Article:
Other reports of ghostly activity[edit]

The Octagon was firmly established as a haunted house by 1888, when, it is reported, twelve men decided to spend a night in the house in order to expel the ghosts or prove the legends wrong. A first-hand account was printed in a local newspaper, and this was subsequently quoted or paraphrased in articles printed in 1892, 1934, 1941, 1950, and 1969. "The hours wore quietly on. The party were dispersed from garret to cellar. At the hour of midnight, as I and two others were crossing the threshold of a room on the second floor, three feminine shrieks rose from the center of the room. Aghast we stood. From all quarters the party rushed… Too brave to desert, yet cowards at heart, we watched the gray light of morning dawn, and each man of us thanked God his night among ghosts was past. After those screams our band was closely knit together… collectively we listened through the waning hours of night to the clanking of sabers and tramping of footfalls."[26]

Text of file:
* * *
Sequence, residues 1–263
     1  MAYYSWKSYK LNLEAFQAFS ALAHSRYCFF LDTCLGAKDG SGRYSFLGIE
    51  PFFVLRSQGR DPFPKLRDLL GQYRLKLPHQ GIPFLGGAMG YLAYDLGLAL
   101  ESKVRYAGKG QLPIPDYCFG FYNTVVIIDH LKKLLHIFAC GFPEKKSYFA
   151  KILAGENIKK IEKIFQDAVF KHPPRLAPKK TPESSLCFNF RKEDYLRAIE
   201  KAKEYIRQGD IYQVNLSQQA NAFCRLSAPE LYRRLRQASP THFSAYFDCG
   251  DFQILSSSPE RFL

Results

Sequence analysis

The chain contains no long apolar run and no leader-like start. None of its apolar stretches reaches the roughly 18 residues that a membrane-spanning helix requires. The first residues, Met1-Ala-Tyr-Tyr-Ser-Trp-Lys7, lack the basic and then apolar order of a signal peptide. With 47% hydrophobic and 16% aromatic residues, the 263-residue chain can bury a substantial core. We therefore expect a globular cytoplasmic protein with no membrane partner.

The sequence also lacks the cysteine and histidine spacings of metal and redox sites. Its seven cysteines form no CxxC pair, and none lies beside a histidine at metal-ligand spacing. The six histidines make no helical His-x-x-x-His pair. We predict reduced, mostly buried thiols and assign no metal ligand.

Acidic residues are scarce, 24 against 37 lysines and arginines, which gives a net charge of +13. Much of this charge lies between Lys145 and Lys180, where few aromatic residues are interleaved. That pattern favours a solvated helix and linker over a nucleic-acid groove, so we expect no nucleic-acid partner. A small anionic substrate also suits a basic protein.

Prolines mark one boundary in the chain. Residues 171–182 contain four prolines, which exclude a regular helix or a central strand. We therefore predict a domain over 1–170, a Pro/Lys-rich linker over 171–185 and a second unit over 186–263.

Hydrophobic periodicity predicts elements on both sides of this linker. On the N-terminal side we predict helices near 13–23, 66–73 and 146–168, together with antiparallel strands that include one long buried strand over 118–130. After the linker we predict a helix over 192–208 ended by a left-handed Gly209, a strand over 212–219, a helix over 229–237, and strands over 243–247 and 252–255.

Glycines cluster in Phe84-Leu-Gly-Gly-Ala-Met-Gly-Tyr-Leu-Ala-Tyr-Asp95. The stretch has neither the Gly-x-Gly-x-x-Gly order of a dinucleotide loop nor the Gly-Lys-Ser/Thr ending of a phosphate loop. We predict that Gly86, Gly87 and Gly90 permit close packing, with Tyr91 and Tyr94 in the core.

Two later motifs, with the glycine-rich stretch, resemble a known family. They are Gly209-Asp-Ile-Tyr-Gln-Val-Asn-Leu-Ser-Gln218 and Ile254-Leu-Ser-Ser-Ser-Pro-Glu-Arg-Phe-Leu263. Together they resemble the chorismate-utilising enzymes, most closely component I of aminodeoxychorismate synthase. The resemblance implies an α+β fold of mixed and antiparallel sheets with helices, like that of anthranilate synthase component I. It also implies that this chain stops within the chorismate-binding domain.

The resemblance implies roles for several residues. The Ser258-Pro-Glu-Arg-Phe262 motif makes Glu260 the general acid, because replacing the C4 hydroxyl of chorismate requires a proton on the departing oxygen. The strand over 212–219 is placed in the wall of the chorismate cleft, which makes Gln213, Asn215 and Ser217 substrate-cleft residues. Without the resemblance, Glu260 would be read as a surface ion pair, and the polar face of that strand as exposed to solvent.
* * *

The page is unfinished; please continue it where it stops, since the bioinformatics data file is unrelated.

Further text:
Museum superintendent Alric H. Clay claimed that in the 1960s spirits would often turn on the lights and open The Octagon's doors late at night.[27]

In the late 1940s, a doctor who had made a house call to the Octagon had a strange encounter on the stairway. Caretaker James Cyprus had summoned the physician for his ailing wife. The doctor was preparing to leave when he mustered up enough courage to ask Cyprus if there was a costume party going on that evening. When Cyprus told him that there wasn't, the doctor looked perplexed and told him of encountering a man on the stairs just a few moments before who had been dressed in a military uniform of the early 1800s.[28]